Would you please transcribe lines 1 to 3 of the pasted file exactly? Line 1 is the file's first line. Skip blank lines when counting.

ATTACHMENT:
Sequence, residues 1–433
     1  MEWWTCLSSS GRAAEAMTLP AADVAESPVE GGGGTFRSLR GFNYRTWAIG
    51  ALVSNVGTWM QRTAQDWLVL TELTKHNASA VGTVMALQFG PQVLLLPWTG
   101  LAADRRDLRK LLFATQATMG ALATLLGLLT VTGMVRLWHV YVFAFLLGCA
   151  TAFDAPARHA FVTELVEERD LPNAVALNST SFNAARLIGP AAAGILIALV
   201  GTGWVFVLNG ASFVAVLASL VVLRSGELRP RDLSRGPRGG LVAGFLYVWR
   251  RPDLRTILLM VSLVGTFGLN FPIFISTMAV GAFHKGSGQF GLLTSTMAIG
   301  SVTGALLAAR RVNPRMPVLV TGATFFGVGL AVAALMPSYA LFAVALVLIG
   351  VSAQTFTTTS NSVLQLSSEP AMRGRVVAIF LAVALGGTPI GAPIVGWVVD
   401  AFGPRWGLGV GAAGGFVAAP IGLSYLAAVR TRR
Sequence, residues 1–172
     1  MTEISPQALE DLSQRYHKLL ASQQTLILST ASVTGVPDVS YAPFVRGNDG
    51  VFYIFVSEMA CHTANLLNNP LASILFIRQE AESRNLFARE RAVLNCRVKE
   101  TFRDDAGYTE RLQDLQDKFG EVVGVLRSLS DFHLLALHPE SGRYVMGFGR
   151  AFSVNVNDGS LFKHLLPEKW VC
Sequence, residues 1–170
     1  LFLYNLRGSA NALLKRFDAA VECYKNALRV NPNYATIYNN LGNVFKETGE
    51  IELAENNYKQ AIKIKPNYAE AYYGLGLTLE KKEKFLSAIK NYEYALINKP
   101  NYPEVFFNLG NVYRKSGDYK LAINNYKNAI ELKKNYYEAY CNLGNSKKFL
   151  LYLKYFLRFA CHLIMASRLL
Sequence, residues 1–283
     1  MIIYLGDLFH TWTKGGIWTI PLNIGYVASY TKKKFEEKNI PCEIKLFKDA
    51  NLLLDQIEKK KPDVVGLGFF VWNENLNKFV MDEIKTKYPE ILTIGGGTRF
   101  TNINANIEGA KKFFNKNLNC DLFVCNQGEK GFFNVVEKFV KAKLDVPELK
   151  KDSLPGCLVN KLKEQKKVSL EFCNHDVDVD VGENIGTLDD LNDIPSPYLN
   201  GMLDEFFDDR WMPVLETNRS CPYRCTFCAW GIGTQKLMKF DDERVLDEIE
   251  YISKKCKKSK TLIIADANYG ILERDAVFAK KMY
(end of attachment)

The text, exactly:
Sequence, residues 1–433
     1  MEWWTCLSSS GRAAEAMTLP AADVAESPVE GGGGTFRSLR GFNYRTWAIG
    51  ALVSNVGTWM QRTAQDWLVL TELTKHNASA VGTVMALQFG PQVLLLPWTG